Rushcliffe Ramblers work to beat social isolation

Five people, standing apart, beside a path and field

A Nottinghamshire based Ramblers group has been awarded funding to support them in tackling social isolation in their community by helping more people to experience the joy of walking.

With other local Ramblers groups, they are keen to promote the health and wellbeing benefits of walking to their wider community. Working with the local Move & Mingle group and Vale of Belvoir Ramblers, Rushcliffe Ramblers applied for a grant from Rushcliffe Borough Council’s Reach Rushcliffe Fund, launched to support initiatives that aim to tackle loneliness and social isolation. 

The group felt that the project was particularly important following the COVID-19 lockdown, during which more people might have been feeling isolated and anxious, especially those living alone. 

Trevor  Griffiths, publicity officer for Rushcliffe Ramblers, said: “This funding is ideal to help us to do what we want to do; make sure that people who may be isolated at home know that they can join an active group to get healthy and meet people out in the fresh air.

“Our health walks are perfect for people who might be recovering from an illness or have perhaps been struggling with their mental health during these difficult times. To be able to promote them further with the Reach fund is fantastic. We look forward to meeting more people from our local community.”

Three people, talking together, beside a fieldThe group have used the money to produce leaflets – which they will distribute in libraries and doctors’ surgeries - to publicise in particular their shorter, accessible walks aimed at people who would like to get out walking but might struggle to do longer walks.

Councillor Debbie Mason, Deputy Leader of Rushcliffe Borough Council said: “This application really shone through, the Rushcliffe Ramblers were very keen to widen their group to people who perhaps hadn’t walked as much, by offering different types of walks for people who had perhaps been socially isolated.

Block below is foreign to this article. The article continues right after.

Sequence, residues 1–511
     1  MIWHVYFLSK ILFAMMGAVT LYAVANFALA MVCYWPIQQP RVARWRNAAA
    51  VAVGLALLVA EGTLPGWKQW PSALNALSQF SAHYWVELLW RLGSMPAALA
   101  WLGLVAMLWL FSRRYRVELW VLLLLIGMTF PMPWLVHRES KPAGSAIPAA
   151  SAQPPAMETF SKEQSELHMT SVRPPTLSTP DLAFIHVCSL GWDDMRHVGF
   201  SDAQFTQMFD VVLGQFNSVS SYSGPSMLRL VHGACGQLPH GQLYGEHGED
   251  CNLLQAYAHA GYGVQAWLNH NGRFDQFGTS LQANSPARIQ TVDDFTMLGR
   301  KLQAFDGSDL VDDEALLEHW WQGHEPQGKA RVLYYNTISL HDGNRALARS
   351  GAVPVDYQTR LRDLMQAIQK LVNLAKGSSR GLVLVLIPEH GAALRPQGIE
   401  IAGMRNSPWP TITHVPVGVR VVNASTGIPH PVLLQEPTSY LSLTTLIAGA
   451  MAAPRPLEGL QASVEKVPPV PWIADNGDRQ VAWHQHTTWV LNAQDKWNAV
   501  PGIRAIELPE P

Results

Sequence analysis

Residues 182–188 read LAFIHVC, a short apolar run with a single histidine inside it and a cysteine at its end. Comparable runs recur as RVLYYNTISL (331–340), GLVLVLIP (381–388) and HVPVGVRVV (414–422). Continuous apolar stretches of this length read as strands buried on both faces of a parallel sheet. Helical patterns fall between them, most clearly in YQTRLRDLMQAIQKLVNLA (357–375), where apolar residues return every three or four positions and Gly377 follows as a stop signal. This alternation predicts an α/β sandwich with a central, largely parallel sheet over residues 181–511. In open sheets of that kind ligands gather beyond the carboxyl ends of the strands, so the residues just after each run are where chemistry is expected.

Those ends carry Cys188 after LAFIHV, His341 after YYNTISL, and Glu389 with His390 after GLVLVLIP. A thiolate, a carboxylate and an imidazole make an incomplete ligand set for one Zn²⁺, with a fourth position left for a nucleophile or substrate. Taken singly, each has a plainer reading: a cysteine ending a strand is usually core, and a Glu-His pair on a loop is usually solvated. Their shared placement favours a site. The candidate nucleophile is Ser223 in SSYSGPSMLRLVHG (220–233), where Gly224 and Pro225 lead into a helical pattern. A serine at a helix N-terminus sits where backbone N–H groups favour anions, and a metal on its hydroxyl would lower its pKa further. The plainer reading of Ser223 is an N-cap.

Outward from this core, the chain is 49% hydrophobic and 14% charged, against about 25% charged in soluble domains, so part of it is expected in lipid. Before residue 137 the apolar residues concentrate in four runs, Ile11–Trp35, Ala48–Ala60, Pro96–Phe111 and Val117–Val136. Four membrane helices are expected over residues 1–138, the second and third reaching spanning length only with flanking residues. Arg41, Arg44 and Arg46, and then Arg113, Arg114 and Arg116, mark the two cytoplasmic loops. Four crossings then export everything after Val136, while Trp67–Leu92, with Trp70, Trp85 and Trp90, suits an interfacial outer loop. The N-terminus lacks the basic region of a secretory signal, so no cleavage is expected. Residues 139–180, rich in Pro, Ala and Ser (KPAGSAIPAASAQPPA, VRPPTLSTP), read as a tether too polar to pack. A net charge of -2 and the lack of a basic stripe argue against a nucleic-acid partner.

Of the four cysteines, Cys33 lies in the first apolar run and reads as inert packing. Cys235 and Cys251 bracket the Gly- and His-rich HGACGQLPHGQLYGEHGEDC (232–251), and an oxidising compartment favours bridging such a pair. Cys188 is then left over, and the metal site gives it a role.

“The walk I went on was lovely – some might be put off by the thought that the Ramblers do very long walks, but this was targeted at people who might not be able to walk as far and really emphasised the social aspect of walking. You probably talk more when you’re walking than just sitting face to face with someone.”

Angela Dobie, a long-time member of Rushcliffe Ramblers, was motivated to apply for the fund because of her own positive experience of the support the group has provided over the years.

She explained: “For people who might be feeling isolated, the combination of exercise whilst chatting to other people in beautiful surroundings can really create a feeling of belonging, happiness and wellbeing. Walking and talking is really good therapy and I can vouch for that from personal experience; firstly, when I was juggling work and the demands of three elderly parents, then becoming a grandparent for the first time and more recently becoming a widow. 

“Many Ramblers members have become my close friends and have helped me through all these situations mostly by just listening whilst enjoying the exercise and the countryside, and I’m truly grateful for that.”

Rushcliffe Ramblers and other local groups they are working with have a wide and varied programme of regular walks to suit all abilities, from 30-minute health walks, to walks of 12 miles or more.

To find out more visit the Rushcliffe Ramblers webpage. The group are currently running a booking system for walks, to ensure COVID-19 guidelines are complied with.